When you think of crime films and the interesting people that are normally portrayed, one can guess that money launderer doesn’t jump to the top. It’s one of those jobs that lacks the violence and grittiness you often need to carry a good crime base film, yet The Infiltrator has done a masterful job bringing this world to life. This is largely thanks to stellar performances and a great use of tension, though a few problems keep this movie from being one of the best crime movies ever made.
Set in 1986 Flordia, we follow undercover FBI agent Robert Mazur (Bryan Cranston) as he tries to infiltrate and bring down the Medellin Cartel. It’s a simple plot at first, which follows the typical narrative messages of “who can you trust” and the nature of diving too deep into this world. We have seen this before with almost any movie focused around undercover law enforcement, but what helps The Infiltrator excel is how it handles the relationship between the characters. Not only does the movie humanize some of the central antagonists, but may have you feel genuine pity once the climax kicks in. Betrayal is a huge part of this movie’s main plot and you may walk away wishing certain characters had different outcomes.
Cranston delivers a career-defining performance here, proving that he can escape from the massive shadow Breaking Bad has cast. Mazur is a complex and well-developed character, offering layers of nuance and depth to both his real personality (as well as his fake one). There are moments when he has to snap between both and it’s almost like watching two different actors play the same person. This is very much his show and in Cranston dominates almost every scene he is in, though this can cause some of the lesser characters like his partner Emir Abreu (John Leguizamo) to get pushed aside.
Which is a shame because Leguizamo gives a generally solid performance here, even if his character is the stereotypical live wire detective. He does a serviceable job of balancing out Cranston’s more grounded and brooding Mazur, but the film never takes Abreu in an interesting direction. It seems like all he doesn’t contribute much to the overall plot and about half way through the movie director Brad Furman appear to outright forget Abreu exists. The character vanishes for the majority of the second and third act, delegating him to scenes that only seem like they are there to move the plot forward. His character really doesn’t get any development beyond his one-dimensional shell, which is partially because Cranston gets a third partner.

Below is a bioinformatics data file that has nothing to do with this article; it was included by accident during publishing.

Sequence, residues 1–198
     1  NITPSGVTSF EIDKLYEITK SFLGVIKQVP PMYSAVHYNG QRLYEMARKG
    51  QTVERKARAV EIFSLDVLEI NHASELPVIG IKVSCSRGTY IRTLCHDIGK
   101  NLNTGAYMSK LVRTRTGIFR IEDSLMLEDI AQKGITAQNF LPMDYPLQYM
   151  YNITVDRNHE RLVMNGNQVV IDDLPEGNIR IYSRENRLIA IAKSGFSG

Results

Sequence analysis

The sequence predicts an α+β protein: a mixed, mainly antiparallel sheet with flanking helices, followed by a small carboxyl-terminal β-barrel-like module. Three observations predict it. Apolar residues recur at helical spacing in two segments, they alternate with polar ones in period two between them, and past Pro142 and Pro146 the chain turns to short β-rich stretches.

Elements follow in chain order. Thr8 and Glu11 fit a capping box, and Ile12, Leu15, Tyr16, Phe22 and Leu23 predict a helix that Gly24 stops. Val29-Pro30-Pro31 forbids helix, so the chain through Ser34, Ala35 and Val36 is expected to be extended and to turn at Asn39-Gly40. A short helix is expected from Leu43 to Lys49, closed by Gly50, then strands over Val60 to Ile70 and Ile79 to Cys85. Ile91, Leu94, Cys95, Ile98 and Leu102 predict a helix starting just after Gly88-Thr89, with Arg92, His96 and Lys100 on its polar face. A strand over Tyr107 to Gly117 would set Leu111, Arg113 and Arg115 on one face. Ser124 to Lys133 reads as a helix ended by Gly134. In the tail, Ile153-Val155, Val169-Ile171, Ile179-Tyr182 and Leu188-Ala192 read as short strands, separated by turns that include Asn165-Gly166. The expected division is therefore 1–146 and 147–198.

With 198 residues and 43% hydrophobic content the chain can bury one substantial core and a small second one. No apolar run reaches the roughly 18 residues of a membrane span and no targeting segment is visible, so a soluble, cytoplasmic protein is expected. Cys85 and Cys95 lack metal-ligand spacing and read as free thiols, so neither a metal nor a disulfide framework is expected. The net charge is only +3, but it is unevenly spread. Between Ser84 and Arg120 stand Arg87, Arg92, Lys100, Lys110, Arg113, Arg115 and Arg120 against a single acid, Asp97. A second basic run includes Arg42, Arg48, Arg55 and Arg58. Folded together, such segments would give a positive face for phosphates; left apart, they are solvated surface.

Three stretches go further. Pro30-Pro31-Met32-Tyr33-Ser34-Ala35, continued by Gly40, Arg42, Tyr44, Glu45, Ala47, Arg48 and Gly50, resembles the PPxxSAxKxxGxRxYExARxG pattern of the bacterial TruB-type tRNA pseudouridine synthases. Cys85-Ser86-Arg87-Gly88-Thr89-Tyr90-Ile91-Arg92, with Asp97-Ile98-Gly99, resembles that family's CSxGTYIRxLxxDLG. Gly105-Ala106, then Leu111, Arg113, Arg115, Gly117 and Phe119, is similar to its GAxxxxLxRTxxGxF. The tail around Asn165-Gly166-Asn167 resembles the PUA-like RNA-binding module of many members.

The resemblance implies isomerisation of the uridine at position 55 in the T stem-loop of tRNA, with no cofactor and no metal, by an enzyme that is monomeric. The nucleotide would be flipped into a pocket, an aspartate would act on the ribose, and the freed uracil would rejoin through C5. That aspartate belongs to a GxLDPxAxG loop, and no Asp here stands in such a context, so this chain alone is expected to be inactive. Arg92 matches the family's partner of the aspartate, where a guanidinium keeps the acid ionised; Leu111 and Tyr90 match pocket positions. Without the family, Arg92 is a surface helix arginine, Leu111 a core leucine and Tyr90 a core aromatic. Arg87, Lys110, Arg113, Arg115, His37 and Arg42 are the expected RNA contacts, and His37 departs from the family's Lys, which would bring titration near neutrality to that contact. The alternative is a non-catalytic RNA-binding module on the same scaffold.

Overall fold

Said partner is actually a new FBI agent posing as Cranston’s fiance Kathy Ertz (Diane Kruger.) She does a decent job as the fresh undercover agent and some of her interactions with the rest of the cast members (specifically the villains) is genuinely compelling. However, much like Abreu, she is an under-developed character thanks to The Infiltrator trying to balance two different sidekicks to Cranston, instead of just settling on one. Thankfully, Mazur’s real wife Evelyn (Juliet Aubrey) picks up some of the slack and becomes the main source of Robert’s humanization. There’s an especially fantastic scene involving their anniversary and a cake that showcases what a toll this line of work can take on a person mentally.
However, the real stars of this film are the various cartel and corrupt business people you meet along the way. With the exception of one or two, The Infiltrator spends a fair amount of time humanizing these people. They aren’t just scary faces to the cartel (well, most aren’t) as many of them have real lives and families to worry about. Without spoiling who Mazur runs into, there’s a certain high-ranking cartel member that he befriends half way into the movie. While it seems like the movie is taking you in one direction with him, by the end you might be silently rooting for him.
A lot of this is due to actor Benjamin Bratt and the complex nuances he adds to his character. The Infiltrator puts you into Mazur’s perspective and lets you organically develop your own feelings and relationships with these villains, at the same speed of the other characters. This lends The Infiltrator a far more organic feeling script and pacing.
This is a double-edged sword, though, as the organic flow of the movie doesn’t allow really any time to breath. This is a very tense movie that really doesn’t let up until the credits actually roll and the lights come on. There are many instances where you believe Mazur’s cover is blown or in danger, with the script taking almost too much time to remind you that one slip up and it’s over. While some may enjoy this nonstop tension fest, personally it would have benefitted the movie to step back and take a deep breath. I do understand that there’s an argument to be made against such an idea, but eventually, the tension will take a toll on not just the movie but the audience itself. This may also make the film hard to follow at times as this story jumps around locations a lot, many of which don’t get an establishing shot.
Even with these problems, I can still highly recommend this film to anyone who’s a fan of the crime genre. While it may come off as Mazur taking down evil people in suits, it offers more depth than that. If you can look past the sidelined characters and mentally prepare yourself for nonstop tension, then you will highly enjoy this movie. However, you may need a drink or two after it to calm your nerves.
- Cranston’s Mazur
- Benjamin Bratt
- Fantastic Depth and Character Development
- Awesome Soundtrack
- Amazing Use of Tension…
- …That May Be Too Overbearing
- Abreu and Kathy Fight For Screentime
[irp posts=”276″ name=”Top 50 Most Underrated Action Movies to Watch”]